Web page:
"There is no centre anymore. We live in a multipolar world, and culture reflects that." Fatima Bhutto
Posts tagged "USA"
Sanaë Lemoine: Brittle love

Sanaë Lemoine: Brittle love

Sanaë Lemoine’s debut novel The Margot Affair is narrated by the illegitimate teenage daughter of leading French actress Anouk Louve and prominent politician Bertrand Lapierre. Margot has grown up under a shroud of silence and shame, and as she emerges into adulthood she treads an independent path that threatens to stretch the bonds of family...
Sleepwalker

Sleepwalker

Martin can still hear the way Vickie screamed that night when they’d set the bone. He winces. She was just a little girl, then. Downstairs, pots and pans knock against each other. The cupboard closes. A passing car smears a phantom window over his walls. It leaves behind darkness and the gray outlines of things...
Enough to drown a man

Enough to drown a man

It was New Year’s Eve, and the night belonged to Deacon. A bulb buried and lying dormant inside of him was finding its way to flower. He beamed at his girlfriend Clara, as if to say: Look at the world I can give you. Look at the men in tuxedos and women in sequined gowns....
How Boris Johnson ruined my book launch (and Vladimir Nabokov restored it)

How Boris Johnson ruined my book launch (and Vladimir Nabokov restored it)

There’s a persistent aftertaste to bad timing. Just ask someone born on 11 September 2001, or the brides and grooms of late November 1963, after JFK’s visit to Dallas. Better yet, consider Vladimir Nabokov, whose novel The Real Life of Sebastian Knight – not nearly as famous as Lolita but arguably on par with it...
Back from the future

Back from the future

If I make a circle it doesn’t matter where I start, so let’s begin with Aaron appearing from the future. How does a time traveller arrive? By buzzing the entryphone. It halts me during Bach’s Passacaglia in C minor for organ – or rather, a piano transcription that seems too thin, too sterile – and...
Short cuts

Short cuts

The judges of the 2020 Sunday Times Audible Short Story Award have winnowed down a shortlist of six from almost 1,000 entries. Louise Kennedy, who was shortlisted in 2019, makes the final round a second time, having since secured a two-book deal with Bloomsbury that will kick off with the collection The End of the...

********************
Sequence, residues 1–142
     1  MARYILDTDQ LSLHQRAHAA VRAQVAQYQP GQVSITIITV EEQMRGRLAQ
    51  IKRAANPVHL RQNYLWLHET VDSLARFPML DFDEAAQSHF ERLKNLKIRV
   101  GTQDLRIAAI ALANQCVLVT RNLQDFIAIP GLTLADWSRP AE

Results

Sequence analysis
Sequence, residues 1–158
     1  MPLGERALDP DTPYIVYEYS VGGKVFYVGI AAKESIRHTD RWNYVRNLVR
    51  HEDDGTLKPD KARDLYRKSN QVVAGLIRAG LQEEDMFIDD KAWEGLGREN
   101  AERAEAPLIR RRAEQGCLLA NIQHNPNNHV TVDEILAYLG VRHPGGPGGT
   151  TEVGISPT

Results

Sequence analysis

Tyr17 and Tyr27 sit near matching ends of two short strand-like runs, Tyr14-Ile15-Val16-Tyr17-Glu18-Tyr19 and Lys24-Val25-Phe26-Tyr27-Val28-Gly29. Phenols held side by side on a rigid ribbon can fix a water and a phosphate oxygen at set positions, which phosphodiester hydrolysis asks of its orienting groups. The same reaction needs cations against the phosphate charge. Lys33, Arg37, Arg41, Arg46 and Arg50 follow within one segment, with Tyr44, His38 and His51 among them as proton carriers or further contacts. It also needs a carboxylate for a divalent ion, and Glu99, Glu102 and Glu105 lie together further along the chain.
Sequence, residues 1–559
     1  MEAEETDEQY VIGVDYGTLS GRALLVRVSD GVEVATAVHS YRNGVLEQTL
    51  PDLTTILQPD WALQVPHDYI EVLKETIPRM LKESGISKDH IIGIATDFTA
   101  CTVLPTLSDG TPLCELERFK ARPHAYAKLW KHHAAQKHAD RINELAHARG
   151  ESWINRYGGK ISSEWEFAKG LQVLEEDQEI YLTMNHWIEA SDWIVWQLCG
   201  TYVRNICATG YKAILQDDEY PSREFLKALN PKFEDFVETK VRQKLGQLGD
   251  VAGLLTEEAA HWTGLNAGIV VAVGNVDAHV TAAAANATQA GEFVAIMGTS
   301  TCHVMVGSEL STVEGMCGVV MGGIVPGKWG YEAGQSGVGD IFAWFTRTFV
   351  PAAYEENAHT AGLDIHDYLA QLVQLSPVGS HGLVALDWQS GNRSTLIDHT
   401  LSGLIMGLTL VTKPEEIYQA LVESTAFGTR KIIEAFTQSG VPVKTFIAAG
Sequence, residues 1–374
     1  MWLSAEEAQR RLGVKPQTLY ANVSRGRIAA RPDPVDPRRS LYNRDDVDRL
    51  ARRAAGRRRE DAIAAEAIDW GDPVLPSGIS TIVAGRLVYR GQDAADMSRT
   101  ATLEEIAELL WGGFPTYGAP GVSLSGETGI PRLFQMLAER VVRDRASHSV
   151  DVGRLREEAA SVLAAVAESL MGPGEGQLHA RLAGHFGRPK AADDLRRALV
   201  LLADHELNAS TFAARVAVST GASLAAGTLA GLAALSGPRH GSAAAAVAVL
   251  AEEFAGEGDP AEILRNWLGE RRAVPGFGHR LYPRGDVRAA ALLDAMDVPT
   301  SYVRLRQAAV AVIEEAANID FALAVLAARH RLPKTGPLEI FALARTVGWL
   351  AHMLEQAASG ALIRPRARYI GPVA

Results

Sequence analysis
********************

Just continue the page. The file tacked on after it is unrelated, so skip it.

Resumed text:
Telling it straight

Telling it straight

In dark times, it’s only natural for readers to seek an escape. So it’s no surprise that, to fill the tedium of society-wide lockdown in the darkest, saddest days I’ve witnessed since 9/11, many friends of mine have wiped their reading lists clean of brave and hard-hitting ‘literary’ fiction in favour of lighter genre fare....
Enter Officer Anderson...

Enter Officer Anderson…

Cops are easy. All you have to do is show him your ID, explain you’re a congressman. There will be some perfunctory chit-chat, and you will make the officer feel important, for you know, like, providing the civil service that he provides, and he may or may not write you a light traffic ticket or...
Deb Olin Unferth: Free the birds!

Deb Olin Unferth: Free the birds!

Deb Olin Unferth’s ferociously funny novel Barn 8 drops Brooklyn teenager Janey Flores into the utterly alien environment of rural Iowa, where she is recruited into a thankless job as an auditor for the US laying-hen industry. Appalled by the grim conditions in the vast chicken barns, she and her boss Cleveland Smith go rogue...
It's coming!

It’s coming!

At stake: the contested objects, nine hundred thousand white leghorn hens, their foremothers brought over from Italy in the mid-nineteenth century and bred in a frenzy ever since. Were they property or individuals? That’s what had to be decided. — It was from this farm, don’t forget, that Cleveland had taken Bwwaauk some three months...